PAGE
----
Ever wonder how Santa can travel the world in 24 hours? What goes into his cutting-edge sleigh? How does he get down chimneys? Curious kids sure do, and lucky for them, all the answers are posted on NORADSanta.org. According to the website, while Santa’s flying over the United States, American NORAD fighter pilots in the F-15s, F16s or F-22s get the thrill of flying with the bearded big man and his famous reindeer. While Santa of course flies faster than any jet fighter, NORAD confirms he slows down and waves during the escort.

3. Military-grade technology supports the Santa tracking

As you may or may not know, NORAD stands for North American Aerospace Defense Command, a military operation run jointly by the United States and Canada that conducts aerospace warning, aerospace control and maritime warning in defense of the continent. Yeah, so serious stuff! But here’s the real amazing part – volunteers use Avaya Customer Engagement technology to respond to the thousands of kids calling the hotline. That’s the same technology used to support the important mission of the NORAD Operations Center at Peterson Air Force Base in Colorado Springs, Colo., and other U.S. government agencies serving the American people. As a result, it has been extensively tested by the Department of Defense Joint Interoperability Test Command (JITC) and is certified to be Santa-ready.

4. Volunteers hardly have time to catch their breath!

Volunteers working 157 contact center seats handled nearly 141,000 calls from 234 countries worldwide in 2015—which works out to about 40 calls per person, per hour. Volunteers typically sign up for two-hour shifts, and in the past First Lady Michelle Obama actually volunteered to take calls on (877) HI-NORAD. The phone lines open at 6 a.m. Eastern on Dec. 24, and will run through the early morning hours of Dec. 25.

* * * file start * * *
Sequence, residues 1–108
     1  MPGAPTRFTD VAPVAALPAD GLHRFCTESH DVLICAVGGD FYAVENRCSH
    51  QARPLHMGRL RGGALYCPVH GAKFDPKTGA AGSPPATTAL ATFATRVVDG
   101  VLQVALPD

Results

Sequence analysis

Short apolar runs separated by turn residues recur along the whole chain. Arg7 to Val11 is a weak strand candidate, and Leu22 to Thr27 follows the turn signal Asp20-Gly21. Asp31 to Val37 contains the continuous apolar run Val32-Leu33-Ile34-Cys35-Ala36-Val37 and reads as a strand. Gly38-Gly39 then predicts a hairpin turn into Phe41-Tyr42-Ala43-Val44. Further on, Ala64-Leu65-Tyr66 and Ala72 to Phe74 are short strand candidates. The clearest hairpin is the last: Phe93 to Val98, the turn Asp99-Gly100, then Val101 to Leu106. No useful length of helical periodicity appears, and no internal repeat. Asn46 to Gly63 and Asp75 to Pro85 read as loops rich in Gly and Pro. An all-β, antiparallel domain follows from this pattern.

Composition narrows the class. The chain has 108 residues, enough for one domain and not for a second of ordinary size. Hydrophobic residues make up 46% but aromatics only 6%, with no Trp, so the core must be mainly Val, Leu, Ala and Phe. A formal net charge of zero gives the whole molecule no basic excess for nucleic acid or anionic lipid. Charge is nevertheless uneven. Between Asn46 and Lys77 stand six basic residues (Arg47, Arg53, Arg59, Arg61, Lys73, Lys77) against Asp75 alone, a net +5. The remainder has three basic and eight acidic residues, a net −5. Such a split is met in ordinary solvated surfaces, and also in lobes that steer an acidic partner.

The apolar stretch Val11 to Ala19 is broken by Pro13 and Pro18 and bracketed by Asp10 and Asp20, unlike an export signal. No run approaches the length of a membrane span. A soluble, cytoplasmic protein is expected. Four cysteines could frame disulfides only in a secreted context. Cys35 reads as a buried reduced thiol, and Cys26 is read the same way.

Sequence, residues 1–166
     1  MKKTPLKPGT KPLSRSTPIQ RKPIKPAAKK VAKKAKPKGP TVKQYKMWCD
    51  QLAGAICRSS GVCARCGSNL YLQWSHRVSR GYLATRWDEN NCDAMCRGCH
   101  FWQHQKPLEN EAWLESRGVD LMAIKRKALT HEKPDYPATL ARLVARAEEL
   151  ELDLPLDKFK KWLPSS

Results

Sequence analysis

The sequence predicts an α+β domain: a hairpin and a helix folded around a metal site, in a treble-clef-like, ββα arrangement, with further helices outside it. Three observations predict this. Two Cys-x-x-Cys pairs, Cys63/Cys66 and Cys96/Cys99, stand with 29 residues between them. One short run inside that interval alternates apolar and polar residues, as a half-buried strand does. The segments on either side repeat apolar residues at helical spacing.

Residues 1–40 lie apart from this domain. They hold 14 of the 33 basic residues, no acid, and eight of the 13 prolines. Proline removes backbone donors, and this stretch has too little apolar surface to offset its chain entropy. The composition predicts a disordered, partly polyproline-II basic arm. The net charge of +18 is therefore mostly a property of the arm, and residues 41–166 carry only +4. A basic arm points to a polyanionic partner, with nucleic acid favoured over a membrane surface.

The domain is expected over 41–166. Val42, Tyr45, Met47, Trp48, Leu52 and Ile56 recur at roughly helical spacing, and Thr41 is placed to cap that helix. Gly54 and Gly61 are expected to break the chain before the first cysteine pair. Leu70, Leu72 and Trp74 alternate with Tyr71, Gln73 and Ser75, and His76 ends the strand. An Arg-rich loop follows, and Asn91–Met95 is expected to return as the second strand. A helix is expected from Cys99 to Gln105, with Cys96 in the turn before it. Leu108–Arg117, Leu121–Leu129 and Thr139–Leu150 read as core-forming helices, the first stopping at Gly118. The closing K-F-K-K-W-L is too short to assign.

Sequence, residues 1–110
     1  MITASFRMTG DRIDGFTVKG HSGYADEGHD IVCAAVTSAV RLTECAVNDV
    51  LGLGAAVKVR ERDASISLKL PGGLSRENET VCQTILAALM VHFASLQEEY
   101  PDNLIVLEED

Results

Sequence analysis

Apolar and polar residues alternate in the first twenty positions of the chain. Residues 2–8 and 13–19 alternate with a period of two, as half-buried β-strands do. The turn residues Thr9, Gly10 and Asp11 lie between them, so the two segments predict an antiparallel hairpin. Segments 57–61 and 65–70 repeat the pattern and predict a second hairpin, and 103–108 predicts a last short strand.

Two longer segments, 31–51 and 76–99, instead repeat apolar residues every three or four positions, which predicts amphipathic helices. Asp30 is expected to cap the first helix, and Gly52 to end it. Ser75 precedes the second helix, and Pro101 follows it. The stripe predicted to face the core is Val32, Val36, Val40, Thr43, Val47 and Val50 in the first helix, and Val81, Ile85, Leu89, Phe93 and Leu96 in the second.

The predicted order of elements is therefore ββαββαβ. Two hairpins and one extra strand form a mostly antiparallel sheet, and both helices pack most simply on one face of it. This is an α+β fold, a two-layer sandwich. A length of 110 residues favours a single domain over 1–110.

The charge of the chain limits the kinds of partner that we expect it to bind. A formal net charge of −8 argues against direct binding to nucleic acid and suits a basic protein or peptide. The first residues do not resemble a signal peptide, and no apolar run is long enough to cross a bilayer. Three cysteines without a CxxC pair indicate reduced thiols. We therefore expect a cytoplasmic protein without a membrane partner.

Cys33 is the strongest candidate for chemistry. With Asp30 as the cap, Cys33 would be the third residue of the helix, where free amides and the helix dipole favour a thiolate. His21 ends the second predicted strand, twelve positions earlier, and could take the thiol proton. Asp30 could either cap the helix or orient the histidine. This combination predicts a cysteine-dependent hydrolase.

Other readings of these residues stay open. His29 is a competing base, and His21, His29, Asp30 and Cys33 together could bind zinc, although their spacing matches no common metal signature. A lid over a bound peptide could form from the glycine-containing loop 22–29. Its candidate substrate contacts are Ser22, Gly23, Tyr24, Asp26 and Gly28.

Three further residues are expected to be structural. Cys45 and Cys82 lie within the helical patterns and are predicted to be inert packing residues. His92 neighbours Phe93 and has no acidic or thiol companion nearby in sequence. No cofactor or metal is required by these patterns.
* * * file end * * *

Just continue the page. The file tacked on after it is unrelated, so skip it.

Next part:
5. Set up a call from Santa Claus

If tracking his location isn’t enough for your little one/s, this year you can actually use our free Zang Forget Me Not- Santa Edition service to send your child a pre-recorded voice message from Santa. While it’s not a part of the NORAD Tracks Santa Program, parents (or grandparents!) can use the service to set-up a message in less than five minutes with only a browser and a phone. From www.zang.io/northpole simply enter your telephone phone number, enter the recipient’s telephone number and pick the time you would like the recording to be delivered. When your child answers the phone, the pre-recorded greeting from Santa will automatically play. And if your family is busy and you happen to miss the call, the greeting will be directed to voicemail to listen to at a later time.

Happy holidays to you and your loved ones!

The Zang Forget Me Not Service Is Here for the Holidays

We are doing it again! We are bringing back the Zang Forget Me Not service for the holidays– this time for a message from the North Pole. It’s the Zang Forget Me Not, Santa Edition. Just like what we did for Mother’s Day and Father’s Day [see also] earlier this year, a voice message can be recorded and scheduled, except this time the message would come from Santa or one of his helpers (aka: you or Uncle George or Grandpa, etc.), and go to children who are anxiously awaiting Santa’s impending visit.